• International Workplace
  • 4 July 2017

Muslim employee ordered to remove ‘terrorist-style’ hijab

A Muslim woman is claiming religious discrimination against her former employer after she was allegedly ordered to remove her black hijab because it had terrorist connotations.

The woman, who has not been named, is said to have worked for estate agent Harvey Dean in Bury, Greater Manchester, for about a year when her employer began to raise concerns about her attire, stating that moving from a back office into public view meant "that it would be in the best interest of the business for her to change the colour of her hijab, due to the supposed terrorist affiliation with the colour black".

Also, a colleague allegedly claimed that the predominantly white and non-Muslim community around the company’s office would “feel intimidated and scared if they saw the claimant”.

The woman had been wearing a black headscarf that left her face uncovered since starting at Harvey Dean, and was not prepared to change her attire for the reasons given. She said she refused her employers’ orders again in a phone call and a meeting held the following day with the male manager, who had allegedly brought coloured hijabs into the office for her to change into.

The complaint filed with the Tribunal informs that, hours after the claimant’s refusal to follow her employer’s orders, he “went on a tirade accusing the claimant of not working” when he saw her sending a text during her lunch break. He proceeded to tell her to “Get the [expletive] out of here.”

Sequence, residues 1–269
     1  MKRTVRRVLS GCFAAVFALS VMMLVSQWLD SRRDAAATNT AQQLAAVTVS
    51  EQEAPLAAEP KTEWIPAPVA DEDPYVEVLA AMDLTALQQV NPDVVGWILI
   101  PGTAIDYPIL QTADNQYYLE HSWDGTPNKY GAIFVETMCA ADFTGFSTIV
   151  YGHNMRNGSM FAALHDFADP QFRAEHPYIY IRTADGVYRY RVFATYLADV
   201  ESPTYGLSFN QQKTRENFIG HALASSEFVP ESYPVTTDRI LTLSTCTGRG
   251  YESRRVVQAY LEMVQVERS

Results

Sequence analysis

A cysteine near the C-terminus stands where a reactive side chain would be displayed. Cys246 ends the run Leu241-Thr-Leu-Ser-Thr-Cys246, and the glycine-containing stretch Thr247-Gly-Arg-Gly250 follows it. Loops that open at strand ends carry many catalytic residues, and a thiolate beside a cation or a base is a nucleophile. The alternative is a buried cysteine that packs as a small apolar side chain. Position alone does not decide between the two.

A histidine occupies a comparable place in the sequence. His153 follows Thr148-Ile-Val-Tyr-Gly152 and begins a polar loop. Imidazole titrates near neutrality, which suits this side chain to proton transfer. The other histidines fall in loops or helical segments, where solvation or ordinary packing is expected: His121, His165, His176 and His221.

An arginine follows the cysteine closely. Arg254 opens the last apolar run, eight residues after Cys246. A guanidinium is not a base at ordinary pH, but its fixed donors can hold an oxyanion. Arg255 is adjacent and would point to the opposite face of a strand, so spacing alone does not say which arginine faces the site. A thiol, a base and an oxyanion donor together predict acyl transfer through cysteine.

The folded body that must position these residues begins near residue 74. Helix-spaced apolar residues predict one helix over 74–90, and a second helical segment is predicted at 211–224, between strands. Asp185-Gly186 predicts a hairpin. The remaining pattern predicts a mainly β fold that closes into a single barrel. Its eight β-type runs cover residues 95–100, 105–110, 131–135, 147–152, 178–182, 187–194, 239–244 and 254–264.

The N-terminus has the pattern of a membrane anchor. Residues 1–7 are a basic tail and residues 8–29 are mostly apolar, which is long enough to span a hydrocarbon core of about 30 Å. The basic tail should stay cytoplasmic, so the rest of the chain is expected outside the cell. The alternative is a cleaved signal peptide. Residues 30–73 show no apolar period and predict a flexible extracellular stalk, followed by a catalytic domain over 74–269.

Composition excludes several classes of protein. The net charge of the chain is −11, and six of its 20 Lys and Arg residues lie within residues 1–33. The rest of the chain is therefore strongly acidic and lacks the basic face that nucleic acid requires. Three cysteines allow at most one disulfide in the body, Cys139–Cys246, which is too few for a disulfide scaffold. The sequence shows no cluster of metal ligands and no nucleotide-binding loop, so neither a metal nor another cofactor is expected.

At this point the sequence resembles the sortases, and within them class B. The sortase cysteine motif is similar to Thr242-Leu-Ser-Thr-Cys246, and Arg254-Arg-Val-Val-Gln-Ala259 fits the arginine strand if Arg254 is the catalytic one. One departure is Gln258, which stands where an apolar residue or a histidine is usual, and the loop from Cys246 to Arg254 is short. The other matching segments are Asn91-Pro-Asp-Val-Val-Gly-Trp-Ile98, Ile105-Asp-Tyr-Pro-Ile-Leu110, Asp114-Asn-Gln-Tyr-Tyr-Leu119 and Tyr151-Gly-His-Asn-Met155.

After leaving the office, the woman heard nothing further from the company, and so submitted a letter of resignation the following week. She claimed that her objections to the order "fell on deaf ears" and left her feeling unable to remain at the company.

The claimant said she felt "singled out" as the only Muslim woman in the office and claims the company discriminated against her on the basis of both religion and gender.

The Tribunal complaint argues that her treatment created an "intimidating, hostile, degrading, humiliating and offensive environment", and is seeking a written admission that she was subjected to unlawful discrimination.

The case, which will be considered at a preliminary hearing at the Manchester Employment Tribunal on 20 July, is the first of its kind in the UK following a landmark ruling at the European Court of Justice in March. Judges found that companies could legally ban employees from wearing the Islamic headscarf, but only as part of prohibitions encompassing all religious and political symbols equally.